Top local harness racing horseman Bruce Richardson was at Grand River Raceway on Friday night. Bruce was the winner of two races. He was able to steer Richlyn Ombretta (rich-lin om-bretta) to an upset victory in the 6th race and was aboard Distinctive Rusty in the 10th race. Bruce is a career winner of over 3100 races. Bruce is a native of Arthur and is one of the top drivers at Grand River Raceway year in and year out. Grand River Raceway features live harness racing on Monday, Wednesday and Friday nights all summer. Complete schedule info at www.grandriverraceway.com . Kelly Spencer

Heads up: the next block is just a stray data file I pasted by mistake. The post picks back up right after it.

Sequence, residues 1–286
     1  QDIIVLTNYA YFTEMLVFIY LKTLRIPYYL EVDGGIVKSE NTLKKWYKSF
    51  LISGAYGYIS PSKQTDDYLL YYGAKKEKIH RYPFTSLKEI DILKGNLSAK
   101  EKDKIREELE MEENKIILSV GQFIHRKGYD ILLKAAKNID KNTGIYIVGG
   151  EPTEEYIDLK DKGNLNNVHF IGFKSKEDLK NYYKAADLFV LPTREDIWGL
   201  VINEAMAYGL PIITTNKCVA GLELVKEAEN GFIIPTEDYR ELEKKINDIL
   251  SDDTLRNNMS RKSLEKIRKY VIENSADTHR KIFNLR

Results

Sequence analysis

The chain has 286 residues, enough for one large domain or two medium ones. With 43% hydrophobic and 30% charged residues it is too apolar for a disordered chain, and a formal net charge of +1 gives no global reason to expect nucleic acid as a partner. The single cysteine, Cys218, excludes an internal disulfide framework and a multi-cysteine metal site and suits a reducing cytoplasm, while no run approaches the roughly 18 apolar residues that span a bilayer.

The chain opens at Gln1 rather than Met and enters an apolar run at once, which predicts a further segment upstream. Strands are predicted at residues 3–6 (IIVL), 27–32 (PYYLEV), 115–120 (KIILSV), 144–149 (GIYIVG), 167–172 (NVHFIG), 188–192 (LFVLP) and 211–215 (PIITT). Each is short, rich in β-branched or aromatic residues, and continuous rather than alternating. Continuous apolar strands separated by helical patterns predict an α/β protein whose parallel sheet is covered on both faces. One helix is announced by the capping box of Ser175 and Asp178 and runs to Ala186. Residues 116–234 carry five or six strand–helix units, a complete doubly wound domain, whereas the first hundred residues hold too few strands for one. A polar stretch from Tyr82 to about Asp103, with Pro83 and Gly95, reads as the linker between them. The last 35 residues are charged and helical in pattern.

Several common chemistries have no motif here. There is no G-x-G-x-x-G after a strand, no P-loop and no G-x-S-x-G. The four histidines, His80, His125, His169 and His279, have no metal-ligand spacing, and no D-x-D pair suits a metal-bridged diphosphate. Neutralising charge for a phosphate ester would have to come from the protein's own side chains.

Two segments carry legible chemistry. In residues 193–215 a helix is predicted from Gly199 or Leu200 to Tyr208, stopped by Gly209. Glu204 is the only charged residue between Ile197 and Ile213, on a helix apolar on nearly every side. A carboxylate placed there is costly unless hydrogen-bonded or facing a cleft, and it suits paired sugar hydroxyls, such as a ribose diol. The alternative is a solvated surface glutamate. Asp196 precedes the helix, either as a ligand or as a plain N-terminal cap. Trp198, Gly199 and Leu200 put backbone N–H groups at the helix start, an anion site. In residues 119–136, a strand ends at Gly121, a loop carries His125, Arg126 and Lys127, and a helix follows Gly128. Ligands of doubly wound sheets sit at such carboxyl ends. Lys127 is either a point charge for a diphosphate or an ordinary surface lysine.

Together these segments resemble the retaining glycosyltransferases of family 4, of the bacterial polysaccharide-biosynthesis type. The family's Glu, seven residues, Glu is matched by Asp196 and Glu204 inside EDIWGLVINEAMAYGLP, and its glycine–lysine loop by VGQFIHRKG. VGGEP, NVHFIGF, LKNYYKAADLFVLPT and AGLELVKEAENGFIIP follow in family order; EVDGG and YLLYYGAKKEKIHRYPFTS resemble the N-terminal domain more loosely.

JULY 2, 2015 - Solar Sister took command of the three-year-old pacing filly division with a 1:50.3 victory in her harness racing Ontario Sire Stakes Gold division at Mohawk Racetrack on Thursday evening. Starting from Post 2 in the second $105,000 Gold split, fan favourite Solar Sister landed on the rail behind number two choice Ms Mac N Cheese and watched contentedly from the pocket as the pacesetter zipped to fractions of :26.1 and :54.4. Rolling toward the 1:23.2 three-quarters, driver Doug McNair tipped Solar Sister into the outer lane and the filly reeled in her Ontario Sires Stakes rival, earning a half-length victory in a personal best 1:50.3. Ms Mac N Cheese and driver Sylvain Filion settled for a hard fought second, with Capela and driver James MacDonald well behind the duelling leaders in third. "I figured Sylvain (Filion) would be pointing her (Ms Mac N Cheese) out of there and trying to either cut it out or sit on my back," said McNair after the race. "We went out of there pretty fast; his filly was rolling right along to the half. I could have come back around, but I was pretty content to where I was at. It looked to me like a two horse race when the draw came out, so I was happy to be following her. I knew she'd get me to where we had to go." Guelph resident McNair engineered Solar Sister's second Gold Series victory for his father, trainer Gregg McNair of Guelph, and owner-breeders David Willmot of King City and Clay Harland Horner of Toronto. The win bumped the daughter of Mach Three and $1.4 million winner Cabrini Hanover to lifetime earnings of $485,690 and gives her a sophomore record of five wins, one third and one fourth in seven starts. "She's just getting to be a really nice mare. You can race her any way, on the front or from the back or in the middle," added the reinsman. "Them type of mares are horses that make it a lot easier for me, you can kind of judge the speed and make up your mind as you go, and she's happy to race any way. "She's a big filly, good gaited, a nice bred filly, I'm glad we got her." Solar Sister With wins in the first two Gold Legs, Solar Sister sits alone atop the three-year-old pacing filly division standings with 100 points. Ms Mac N Cheese, also a winner in the June 6 season opener at Mohawk Racetrack, falls to second spot which she shares with the winner of the first division, Wrangler Magic. Fan Hanover champions Wrangler Magic and Sylvain Filion went off as the heavy favourites from Post 4 in the first Gold Series contest and, as he would later do with Ms Mac N Cheese, the Milton reinsman opted to take command of the race. Wrangler Magic rolled easily to a :27 quarter, fended off a challenge from Delightful Hill heading by the :55.1 half, and was comfortably in charge at the 1:23.1 three-quarters. Turning for home, however, things got decidedly less comfortable for the pacesetter. Facing pressure from all sides, Wrangler Magic had to battle all the way to the wire, securing a 1:51 victory by a scant nose over Cast No Shadow. Delightful Hill sprinted into third, three-quarters of a length behind the leaders. Owners Thomas Kyron of Toronto, ON, Dr. Maurice Stewart of Leduc, AB, Brian Paquet of Quebec, QC and Bayama Farms Inc. of Saint-Andre-D'Argenteuil, QC now have a Gold Series trophy to display alongside the Fan Hanover trophy Wrangler Magic earned at Mohawk on June 20. Through six sophomore starts the Mach Three daughter has tallied two wins, two seconds and two thirds and Thursday's win boosted her lifetime earnings to $513,894. Stephane Larocque conditions the talented young pacer, who was also a Gold Series winner at two. Wrangler Magic Solar Sister, Wrangler Magic and their peers will now enjoy a brief break in their provincial stakes schedule before it resumes at Grand River Raceway on August 3. Mohawk Racetrack fans have a much shorter interlude before the next Ontario Sires Stakes event at the Campbellville oval. On Monday, July 6 the two-year-old stakes season gets under way with three Gold Series divisions for the freshman pacing fillies. The fillies will be featured in Races 3, 6 and 9 on the 7:25 pm program. Ontario Horse Racing